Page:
One would think with her fiancé dead, Peilin would be free to move on with her life, but no—because in China at the time it was expected that Peilin must still marry the man’s ghost, stay a virgin for life and live with her in-laws who bought a baby for her to raise as if she was its biological mother and the dead man its father.

In addition, the story is set in an era when both the Chinese and Europeans disapproved of interracial relationships. In Germany, there was racism against the Jews. But in China, there is prejudice from some Chinese because Henri is white. In addition, many of the Jewish refugees look down on the Chinese culture and disapprove of Henri spending time with Peilin. It seems that these two can’t win and are fated to be star-crossed lovers.

I recommend reading this story because it offers a reminder of the horrors of war and racism. During World War II, more than 20,000 European Jews fled to Shanghai, one of the few places in the world that put no limits on the number of Jews it accepted.

Another plot thread that runs through the novel is the focus on Chinese herbal medicine and how different it is from the western concept of medical care. The Chinese were studying advanced medical care long before the West. In fact, Chinese medical tradition is more than 5,000 years old including herbal medicine, acupuncture, massage, exercise and dietary therapy—concepts that the West didn’t pay serious attention to until near the end of the 20th century.

I’m not going to tell you how the love story turns out between Henri and Peilin. You’ll have to buy and read the novel to discover what happens.

Lloyd Lofthouse is the award-winning author of My Splendid Concubine [3rd edition]. When you love a Chinese woman, you marry her family and culture too. This is the unique love story Sir Robert Hart did not want the world to discover.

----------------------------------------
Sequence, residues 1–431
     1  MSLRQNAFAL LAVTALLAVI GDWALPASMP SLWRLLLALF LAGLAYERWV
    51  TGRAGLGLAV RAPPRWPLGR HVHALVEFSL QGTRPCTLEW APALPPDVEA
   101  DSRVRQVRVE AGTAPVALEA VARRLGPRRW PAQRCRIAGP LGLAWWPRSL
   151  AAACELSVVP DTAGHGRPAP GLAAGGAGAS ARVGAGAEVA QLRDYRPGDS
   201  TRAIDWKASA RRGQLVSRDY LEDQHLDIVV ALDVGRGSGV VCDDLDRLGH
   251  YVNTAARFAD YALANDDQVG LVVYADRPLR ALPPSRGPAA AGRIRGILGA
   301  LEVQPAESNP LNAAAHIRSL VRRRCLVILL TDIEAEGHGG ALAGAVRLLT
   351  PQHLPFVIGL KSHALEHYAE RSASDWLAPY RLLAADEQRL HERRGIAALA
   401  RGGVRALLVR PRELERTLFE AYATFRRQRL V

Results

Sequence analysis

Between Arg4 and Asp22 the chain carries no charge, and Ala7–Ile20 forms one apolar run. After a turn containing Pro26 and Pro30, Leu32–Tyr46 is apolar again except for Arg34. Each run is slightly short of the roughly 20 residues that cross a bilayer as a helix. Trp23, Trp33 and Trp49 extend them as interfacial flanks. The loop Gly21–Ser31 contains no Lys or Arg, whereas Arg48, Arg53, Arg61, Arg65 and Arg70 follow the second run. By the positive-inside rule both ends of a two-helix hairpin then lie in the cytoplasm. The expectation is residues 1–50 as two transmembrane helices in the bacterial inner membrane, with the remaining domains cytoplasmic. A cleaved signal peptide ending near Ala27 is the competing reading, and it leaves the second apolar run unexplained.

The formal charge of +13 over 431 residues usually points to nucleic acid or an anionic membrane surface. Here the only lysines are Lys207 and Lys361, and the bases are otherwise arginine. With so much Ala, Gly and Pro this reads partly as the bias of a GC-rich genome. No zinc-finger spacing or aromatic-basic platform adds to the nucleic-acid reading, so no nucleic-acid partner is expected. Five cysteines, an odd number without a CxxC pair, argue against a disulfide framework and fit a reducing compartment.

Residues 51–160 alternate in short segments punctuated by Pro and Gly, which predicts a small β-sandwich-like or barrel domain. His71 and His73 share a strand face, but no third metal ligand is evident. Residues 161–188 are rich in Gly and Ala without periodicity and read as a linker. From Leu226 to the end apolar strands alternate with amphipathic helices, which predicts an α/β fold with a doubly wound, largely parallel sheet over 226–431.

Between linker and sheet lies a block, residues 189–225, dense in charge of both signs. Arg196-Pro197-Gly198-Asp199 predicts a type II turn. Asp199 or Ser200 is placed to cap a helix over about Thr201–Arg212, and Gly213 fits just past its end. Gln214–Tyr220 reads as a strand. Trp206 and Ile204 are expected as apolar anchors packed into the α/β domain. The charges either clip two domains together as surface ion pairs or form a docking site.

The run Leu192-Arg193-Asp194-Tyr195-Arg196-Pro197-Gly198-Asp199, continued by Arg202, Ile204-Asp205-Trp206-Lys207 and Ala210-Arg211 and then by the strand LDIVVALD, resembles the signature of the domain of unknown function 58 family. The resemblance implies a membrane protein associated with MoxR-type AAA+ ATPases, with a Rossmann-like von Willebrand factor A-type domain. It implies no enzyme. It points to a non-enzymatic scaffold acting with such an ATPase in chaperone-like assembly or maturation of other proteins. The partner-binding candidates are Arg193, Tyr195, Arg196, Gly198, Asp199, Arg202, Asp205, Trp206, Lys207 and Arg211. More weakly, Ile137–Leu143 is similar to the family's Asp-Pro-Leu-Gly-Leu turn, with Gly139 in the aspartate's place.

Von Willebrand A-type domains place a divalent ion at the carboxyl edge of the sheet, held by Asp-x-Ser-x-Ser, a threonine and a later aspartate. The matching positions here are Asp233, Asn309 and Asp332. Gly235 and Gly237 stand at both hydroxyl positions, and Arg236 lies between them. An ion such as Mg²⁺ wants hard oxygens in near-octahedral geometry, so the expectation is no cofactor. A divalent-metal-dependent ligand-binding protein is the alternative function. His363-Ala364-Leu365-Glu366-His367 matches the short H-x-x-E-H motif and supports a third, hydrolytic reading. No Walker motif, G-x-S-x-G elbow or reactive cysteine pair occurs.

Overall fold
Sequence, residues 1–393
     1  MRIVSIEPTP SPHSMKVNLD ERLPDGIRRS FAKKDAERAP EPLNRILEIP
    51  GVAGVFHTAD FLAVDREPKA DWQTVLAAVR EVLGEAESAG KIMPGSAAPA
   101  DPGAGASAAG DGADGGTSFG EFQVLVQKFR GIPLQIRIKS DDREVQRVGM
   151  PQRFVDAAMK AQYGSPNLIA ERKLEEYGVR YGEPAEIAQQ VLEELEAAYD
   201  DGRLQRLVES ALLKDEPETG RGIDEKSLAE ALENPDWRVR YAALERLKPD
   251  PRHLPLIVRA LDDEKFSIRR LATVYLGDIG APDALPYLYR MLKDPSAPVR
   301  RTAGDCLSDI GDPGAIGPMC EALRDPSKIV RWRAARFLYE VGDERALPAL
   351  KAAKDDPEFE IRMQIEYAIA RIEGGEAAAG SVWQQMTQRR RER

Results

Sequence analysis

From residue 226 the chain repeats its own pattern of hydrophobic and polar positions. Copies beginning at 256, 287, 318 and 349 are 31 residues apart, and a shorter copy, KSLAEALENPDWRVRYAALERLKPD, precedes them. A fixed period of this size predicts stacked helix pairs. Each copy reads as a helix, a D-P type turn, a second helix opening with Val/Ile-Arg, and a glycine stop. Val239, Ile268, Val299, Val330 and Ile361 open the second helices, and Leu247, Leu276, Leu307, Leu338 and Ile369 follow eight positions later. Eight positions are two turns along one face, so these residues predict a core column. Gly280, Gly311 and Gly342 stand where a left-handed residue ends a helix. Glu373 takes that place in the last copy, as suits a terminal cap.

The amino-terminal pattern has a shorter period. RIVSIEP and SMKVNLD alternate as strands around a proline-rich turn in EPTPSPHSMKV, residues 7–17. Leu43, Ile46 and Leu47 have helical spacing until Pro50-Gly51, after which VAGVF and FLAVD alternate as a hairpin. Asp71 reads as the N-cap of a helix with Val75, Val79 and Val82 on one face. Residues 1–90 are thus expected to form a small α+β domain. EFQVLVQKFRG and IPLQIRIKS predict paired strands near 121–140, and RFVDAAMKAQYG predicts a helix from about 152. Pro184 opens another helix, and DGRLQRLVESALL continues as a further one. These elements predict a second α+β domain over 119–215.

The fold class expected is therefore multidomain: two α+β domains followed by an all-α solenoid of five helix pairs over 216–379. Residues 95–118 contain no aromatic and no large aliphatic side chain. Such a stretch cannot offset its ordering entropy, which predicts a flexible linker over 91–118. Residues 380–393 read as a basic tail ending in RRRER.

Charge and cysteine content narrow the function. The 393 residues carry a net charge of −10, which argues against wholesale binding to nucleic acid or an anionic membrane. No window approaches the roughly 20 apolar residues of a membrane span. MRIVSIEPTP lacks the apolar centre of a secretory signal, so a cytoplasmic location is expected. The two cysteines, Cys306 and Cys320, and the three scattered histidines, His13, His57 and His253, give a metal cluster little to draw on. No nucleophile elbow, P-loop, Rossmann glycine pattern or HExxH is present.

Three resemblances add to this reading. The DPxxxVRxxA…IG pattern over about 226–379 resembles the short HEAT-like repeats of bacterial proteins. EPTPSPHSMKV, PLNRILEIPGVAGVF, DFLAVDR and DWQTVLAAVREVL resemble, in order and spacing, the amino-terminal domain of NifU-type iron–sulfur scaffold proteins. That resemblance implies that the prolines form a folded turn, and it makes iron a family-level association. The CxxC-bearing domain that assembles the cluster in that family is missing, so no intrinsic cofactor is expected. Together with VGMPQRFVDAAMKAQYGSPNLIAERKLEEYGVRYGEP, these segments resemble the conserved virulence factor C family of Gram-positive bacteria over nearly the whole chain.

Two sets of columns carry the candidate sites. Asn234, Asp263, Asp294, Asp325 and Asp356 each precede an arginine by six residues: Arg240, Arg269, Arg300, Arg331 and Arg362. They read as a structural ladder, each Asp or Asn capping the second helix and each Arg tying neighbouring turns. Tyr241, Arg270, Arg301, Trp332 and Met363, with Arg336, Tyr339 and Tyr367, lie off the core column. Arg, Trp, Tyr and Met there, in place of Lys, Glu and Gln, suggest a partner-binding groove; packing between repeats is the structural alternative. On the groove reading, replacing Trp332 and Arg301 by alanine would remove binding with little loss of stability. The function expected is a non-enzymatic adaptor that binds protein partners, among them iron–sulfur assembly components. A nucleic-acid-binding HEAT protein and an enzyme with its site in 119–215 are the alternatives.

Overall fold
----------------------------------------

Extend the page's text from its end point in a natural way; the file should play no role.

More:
#1 - Joanna Daneman review posted June 19 2014

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Was Hsi Wang Mu real?

June 14, 2016

To the Chinese, Hsi Wang Mu is the Queen Mother of the West (Western China), and she is an important figure in Chinese mythology.

It is believed that the myth of China’s Queen Mother goes back almost three thousand years, but the earliest recorded history was found from the Chou Dynasty (1122 – 222 BC) and was written in the second century BC. It appears that she may have been a real queen of a Western Chinese state and stories of her life become legend over the centuries turning into magical myths.

One of the older stories is about Hsi Wang Mu and the celestial archer, where she asks him to build her a palace of jade in the western sky. His reward was a pill made from the peaches of immortality, which ends in tragedy and heartbreak.

It is said that Hsi Wang Mu had nine sons and twenty-four daughters with her mate, Tung Wang Kung.

 Discover China’s First Emperor Qin Shi Huangdi

Lloyd Lofthouse is the award-winning author of My Splendid Concubine [3rd edition]. When you love a Chinese woman, you marry her family and culture too. This is the unique love story Sir Robert Hart did not want the world to discover.

A1 on March 13 - 2016 Cover Image with BLurbs to promote novel

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The Statutory Woman

March 15, 2016

An honest comment for my first novel My Splendid Concubine gave me the idea for this post on the history of the changing attitudes of when a female child becomes a woman. The comment said, “The girls (the two concubines in the story) were younger than 15, for goodness sake. I had a hard time getting past that.”